A special ceremony to mark the official naming of the Iris Murdoch Hall took place on Monday, 3rd October at Carlow College, St. Patrick’s. The event saw one of the College’s main lecture halls renamed in honour of female philosopher, Iris Murdoch.
The renaming of the former Philosophy Hall was a key initiative as part of the College’s commitment to promoting equality in education through its Athena SWAN action plan. The College received the Athena SWAN Bronze Award in January 2022.
Speaking at the event, Lecturer in Philosophy, Dr Sarah Otten, said: “To be a full person is to be a political person – someone who is seen in the public sphere, who can be taken seriously in the public sphere – who is regarded as important by our society; traditionally, women were not believed to be capable of these attributes. Philosophy as a field reflected these ideas. It did not regard women as rational creatures. That is why the renaming of this room is so important. Because it makes visible the reality that a woman is rational, a woman can and did write serious books about serious topics that added something new and interesting and valuable to human thought. It challenges the stereotype of woman as not having the attributes necessary for full participation in the decisions of society.”
Commenting on the ceremony, Chair of the College’s Athena SWAN Self-Assessment Team, Fiona McGuill said: “Today’s event is just one of the many initiatives the College has introduced as part of its commitment to the principles of the Athena SWAN Ireland Charter. Equality, Diversity and Inclusion (EDI) is of paramount importance in Carlow College and the renaming of this lecture hall after such a prominent female philosopher demonstrates its commitment to EDI and gender equality.”
About Iris Murdoch
Dame Iris Murdoch was born in Dublin in 1919 to Anglo-lrish parents. She went to school in London and Bristol, before studying at Somerville College, Oxford, and later at Cambridge. On leaving University in 1942, she worked for the British Government in the Treasury Department, and with the United Nations Relief and Rehabilitation Administration. After the war she went to Belgium and Austria, where she worked in a Displaced Persons Camp. In 1948 she was made a Fellow of St Anne’s College, Oxford, where she lectured in Philosophy. In 1956 she married the critic and Oxford Professor of English, John Bayley. She was awarded a CBE in 1976 and a DBE in 1967. Her novels have been translated into 26 languages.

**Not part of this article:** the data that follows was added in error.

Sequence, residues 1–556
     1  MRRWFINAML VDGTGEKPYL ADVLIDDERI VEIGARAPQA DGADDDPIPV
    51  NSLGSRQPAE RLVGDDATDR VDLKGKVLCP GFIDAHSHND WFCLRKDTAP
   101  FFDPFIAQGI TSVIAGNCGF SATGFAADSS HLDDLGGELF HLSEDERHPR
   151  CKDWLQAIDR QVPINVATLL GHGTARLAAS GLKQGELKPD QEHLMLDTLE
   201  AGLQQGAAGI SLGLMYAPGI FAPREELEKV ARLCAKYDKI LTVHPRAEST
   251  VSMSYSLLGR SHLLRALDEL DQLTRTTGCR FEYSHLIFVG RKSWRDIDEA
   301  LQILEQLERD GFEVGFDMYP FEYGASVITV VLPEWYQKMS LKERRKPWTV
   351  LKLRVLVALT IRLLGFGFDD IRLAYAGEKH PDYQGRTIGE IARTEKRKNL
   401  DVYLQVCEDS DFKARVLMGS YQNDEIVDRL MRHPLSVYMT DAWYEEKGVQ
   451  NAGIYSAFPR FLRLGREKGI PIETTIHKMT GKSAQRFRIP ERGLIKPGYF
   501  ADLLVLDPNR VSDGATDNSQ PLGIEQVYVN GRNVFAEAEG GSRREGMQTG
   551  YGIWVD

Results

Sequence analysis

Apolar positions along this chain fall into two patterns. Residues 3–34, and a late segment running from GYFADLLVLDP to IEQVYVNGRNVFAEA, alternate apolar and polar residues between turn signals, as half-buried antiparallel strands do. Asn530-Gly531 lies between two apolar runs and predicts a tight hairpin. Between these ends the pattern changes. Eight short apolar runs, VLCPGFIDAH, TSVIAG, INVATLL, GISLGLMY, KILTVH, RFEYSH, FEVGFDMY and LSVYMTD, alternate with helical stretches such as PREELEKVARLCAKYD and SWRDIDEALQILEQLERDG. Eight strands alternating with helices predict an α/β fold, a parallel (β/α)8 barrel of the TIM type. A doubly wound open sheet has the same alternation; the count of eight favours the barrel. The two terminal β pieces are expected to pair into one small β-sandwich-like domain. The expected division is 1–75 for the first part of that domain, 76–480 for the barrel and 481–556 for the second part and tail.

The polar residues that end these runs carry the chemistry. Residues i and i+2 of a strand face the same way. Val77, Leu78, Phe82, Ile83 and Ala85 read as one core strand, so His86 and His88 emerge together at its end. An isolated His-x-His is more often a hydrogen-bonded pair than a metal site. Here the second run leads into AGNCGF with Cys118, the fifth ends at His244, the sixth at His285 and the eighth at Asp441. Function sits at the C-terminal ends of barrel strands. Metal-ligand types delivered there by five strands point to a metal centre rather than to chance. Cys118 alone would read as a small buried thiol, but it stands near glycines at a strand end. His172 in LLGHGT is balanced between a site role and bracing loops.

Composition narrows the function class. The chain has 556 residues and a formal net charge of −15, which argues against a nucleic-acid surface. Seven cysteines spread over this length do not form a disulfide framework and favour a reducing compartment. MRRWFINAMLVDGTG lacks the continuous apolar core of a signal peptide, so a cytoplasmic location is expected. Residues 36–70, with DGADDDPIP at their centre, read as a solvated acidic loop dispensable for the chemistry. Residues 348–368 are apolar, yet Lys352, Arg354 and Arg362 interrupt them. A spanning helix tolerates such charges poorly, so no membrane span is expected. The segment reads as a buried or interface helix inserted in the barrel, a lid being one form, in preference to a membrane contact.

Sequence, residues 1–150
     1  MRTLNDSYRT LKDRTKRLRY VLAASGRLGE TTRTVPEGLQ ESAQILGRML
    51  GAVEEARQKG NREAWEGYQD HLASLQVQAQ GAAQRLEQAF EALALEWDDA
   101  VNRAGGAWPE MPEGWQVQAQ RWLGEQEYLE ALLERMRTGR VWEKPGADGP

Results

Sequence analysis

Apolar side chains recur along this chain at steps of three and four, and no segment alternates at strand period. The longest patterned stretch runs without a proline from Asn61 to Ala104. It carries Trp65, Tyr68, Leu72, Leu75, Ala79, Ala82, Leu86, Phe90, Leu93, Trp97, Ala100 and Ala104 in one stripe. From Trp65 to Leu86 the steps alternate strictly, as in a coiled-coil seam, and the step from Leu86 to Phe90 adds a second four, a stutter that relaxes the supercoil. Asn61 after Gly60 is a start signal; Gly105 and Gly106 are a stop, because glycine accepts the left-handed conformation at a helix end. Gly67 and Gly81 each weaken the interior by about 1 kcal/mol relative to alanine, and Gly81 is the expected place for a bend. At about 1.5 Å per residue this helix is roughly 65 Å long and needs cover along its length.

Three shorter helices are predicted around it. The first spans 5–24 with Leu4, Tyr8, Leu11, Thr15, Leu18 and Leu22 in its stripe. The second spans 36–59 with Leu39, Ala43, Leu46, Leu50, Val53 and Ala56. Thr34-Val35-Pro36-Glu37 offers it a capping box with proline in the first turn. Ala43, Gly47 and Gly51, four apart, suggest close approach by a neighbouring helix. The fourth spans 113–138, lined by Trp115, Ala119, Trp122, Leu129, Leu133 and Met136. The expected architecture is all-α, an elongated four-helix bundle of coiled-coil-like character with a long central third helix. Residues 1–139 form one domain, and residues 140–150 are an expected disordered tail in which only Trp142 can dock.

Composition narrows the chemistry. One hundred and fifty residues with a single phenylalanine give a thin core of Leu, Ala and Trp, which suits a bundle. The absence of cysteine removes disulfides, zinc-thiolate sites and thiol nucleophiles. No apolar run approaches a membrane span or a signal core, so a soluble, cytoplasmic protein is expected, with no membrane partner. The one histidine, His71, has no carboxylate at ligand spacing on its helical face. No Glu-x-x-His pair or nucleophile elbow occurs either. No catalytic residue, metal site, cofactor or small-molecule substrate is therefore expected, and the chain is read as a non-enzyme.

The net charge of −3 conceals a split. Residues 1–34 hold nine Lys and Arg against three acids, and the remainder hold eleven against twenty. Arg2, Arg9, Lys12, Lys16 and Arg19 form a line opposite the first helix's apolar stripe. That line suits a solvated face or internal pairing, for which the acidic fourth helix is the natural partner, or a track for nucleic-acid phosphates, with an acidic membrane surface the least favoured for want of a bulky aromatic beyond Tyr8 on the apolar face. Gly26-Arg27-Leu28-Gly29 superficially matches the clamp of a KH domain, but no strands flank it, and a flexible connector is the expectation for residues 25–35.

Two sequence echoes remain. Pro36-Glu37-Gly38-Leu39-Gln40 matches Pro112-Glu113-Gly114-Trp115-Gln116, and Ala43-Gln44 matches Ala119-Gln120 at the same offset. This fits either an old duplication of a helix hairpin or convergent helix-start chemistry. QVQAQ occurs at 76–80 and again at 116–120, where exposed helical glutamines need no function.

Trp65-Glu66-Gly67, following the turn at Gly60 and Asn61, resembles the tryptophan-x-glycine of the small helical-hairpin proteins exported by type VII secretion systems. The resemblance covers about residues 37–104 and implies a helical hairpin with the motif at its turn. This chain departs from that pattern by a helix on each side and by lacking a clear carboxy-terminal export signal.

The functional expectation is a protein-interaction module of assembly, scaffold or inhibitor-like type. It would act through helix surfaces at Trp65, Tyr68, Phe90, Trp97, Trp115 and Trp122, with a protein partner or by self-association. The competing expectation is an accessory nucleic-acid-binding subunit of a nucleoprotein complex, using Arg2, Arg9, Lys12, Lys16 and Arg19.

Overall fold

Widely regarded by many critics as one of the most important post-war novelists, her fiction includes Under the Net (1954), The Bell (1958), A Severed Head (1961), Bruno’s Dream (1969), The Black Prince (1973), The Sacred and Profane Love Machine (1974), winner of the Whitbread Novel Award, The Sea, The Sea (1978), winner of the Booker Prize for Fiction, The Good Apprentice (1985) and The Green Knight (1993). Her books on philosophy include The Sovereignty of Good (1970) and Metaphysics as a Guide to Morals (1992). Her plays include The Servants and the Snow, adapted into a libretto for an opera by William Matthias in 1980, Art and Eros and The Black Prince. Her portrait by Tom Phillips was placed in the National Portrait Gallery in 1987.
Dame Iris Murdoch died in 1999.